Plastics under the pandemic lens

The Covid-19 pandemic has revealed the best and the worst of plastics (and rubber) use. Meanwhile, stemming a post-pandemic onslaught of waste, recycling is by far the best solution offered by industry experts, says Angelica Buan in this report.

Plastics: on the winning end in pandemic

The Covid-19 pandemic has bolstered the use of plastics even more in the healthcare and retail space, and it is no denying the fact that plastic as a material has had its shining moment during this pandemic.

Plastics under the pandemic lens

According to a study by Dr David Fengwei Xie, a Marie Sklodowska-Curie Fellow at the University of Warwick, UK, the pandemic has shown that plastic is indispensable, especially for health safety, with demand rising for medical devices and personal protective equipment (PPE), all of which are either made of or have significant components of plastic materials.

Meanwhi le, Dmi t ry Konov, Chai rman of the Management Board of Russian petrochemicals company Sibur, says in an article published by the WeForum that how plastics have remained “the most reliable and affordable solution for personal protection, “considering its role in safety protection during the Covid-19”. He said that polymers have been perceived as a valuable material for the production of disposable plastic packaging and medical personal protective equipment during the pandemic.

Waste generation to contend with

Thus, a future of more plastic is likely, according to Xie. But increased use of plastics abets greater waste generation, and spawns the build-up of plastic pollution.

Since 2018 when China started the ban on plastic waste imports, developed countries have been in a movement to reduce plastic wastes. Goals have been set to eliminate single-use plastic items such as bags, straws and cutlery. Besides, there have been discussions regarding the reduction of plastic wastes from laboratories and hospitals.

However, under the influence of the unprecedented Covid-19 pandemic starting in early 2020, the industry may now need to re-think the question: Is the future more plastic? And although the pandemic is temporary, the resulting pollution is “long-lasting”, Xie said.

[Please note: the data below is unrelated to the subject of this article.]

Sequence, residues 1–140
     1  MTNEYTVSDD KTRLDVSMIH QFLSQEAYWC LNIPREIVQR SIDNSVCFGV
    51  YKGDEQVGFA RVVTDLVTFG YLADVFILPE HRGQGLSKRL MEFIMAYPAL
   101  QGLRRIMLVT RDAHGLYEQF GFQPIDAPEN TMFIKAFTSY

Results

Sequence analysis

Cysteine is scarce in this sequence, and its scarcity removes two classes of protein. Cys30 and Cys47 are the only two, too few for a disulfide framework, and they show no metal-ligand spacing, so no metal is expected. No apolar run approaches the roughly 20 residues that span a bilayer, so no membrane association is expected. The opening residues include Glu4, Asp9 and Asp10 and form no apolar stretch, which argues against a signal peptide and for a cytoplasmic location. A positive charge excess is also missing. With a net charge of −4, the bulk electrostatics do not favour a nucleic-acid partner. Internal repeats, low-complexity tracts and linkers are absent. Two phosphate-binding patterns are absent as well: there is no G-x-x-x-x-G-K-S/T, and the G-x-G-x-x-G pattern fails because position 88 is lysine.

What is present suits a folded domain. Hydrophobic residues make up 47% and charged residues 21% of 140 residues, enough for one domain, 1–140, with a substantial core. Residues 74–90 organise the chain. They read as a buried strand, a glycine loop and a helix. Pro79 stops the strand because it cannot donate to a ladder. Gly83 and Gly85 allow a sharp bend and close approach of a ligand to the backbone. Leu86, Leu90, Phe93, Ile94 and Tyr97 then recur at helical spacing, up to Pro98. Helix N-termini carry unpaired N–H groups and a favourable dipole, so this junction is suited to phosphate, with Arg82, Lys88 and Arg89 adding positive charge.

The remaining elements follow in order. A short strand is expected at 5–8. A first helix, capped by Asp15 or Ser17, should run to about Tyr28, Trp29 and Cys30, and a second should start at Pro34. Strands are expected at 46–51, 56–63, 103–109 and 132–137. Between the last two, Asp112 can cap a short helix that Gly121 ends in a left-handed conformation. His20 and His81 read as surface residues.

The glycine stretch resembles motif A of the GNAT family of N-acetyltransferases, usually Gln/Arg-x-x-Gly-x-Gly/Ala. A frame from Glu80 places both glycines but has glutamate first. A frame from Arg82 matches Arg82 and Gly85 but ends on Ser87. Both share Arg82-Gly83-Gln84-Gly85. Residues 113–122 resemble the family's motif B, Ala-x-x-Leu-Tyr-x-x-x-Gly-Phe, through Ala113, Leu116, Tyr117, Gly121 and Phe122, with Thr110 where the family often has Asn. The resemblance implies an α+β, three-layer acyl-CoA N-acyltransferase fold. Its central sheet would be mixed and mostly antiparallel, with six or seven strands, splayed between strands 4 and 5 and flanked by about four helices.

Two sides to plastics use: health or environment

Now, the situation presents two sides: protecting health or the environment; a choice between the devil and the deep blue sea.

Plastics under the pandemic lens

Xie cites gloves as an example of PPEs that have witnessed staggering demand during this period. Relatedly, gloves, which are made of rubber, are essential for health care workers, he said. Xie explained that while latex gloves are biodegradable because the polymer is extracted from rubber trees, but nitrile and vinyl gloves made from synthetic polymers are not biodegradable.

In this respect, choosing latex gloves may have smaller environmental impediment than their synthetic non-biodegradable counterparts. But health issues like allergic reactions linked to using latex gloves also hinder their preferential use.

Plastics under the pandemic lens

“In this sense, if only latex gloves are used by health workers, fighting the disease is unlikely to cause much environmental pollution. However, there are many other health-related items that are made of synthetic polymers and thus are not so environmentally friendly,” says Xie.

Surgical masks are another example, whereby the mos t important material to make surgical masks is melt-blown PP, which can effectively shield microbes and droplets, Xie said. For the same reason, non-woven PP is also widely used to make protective clothing for medical staff.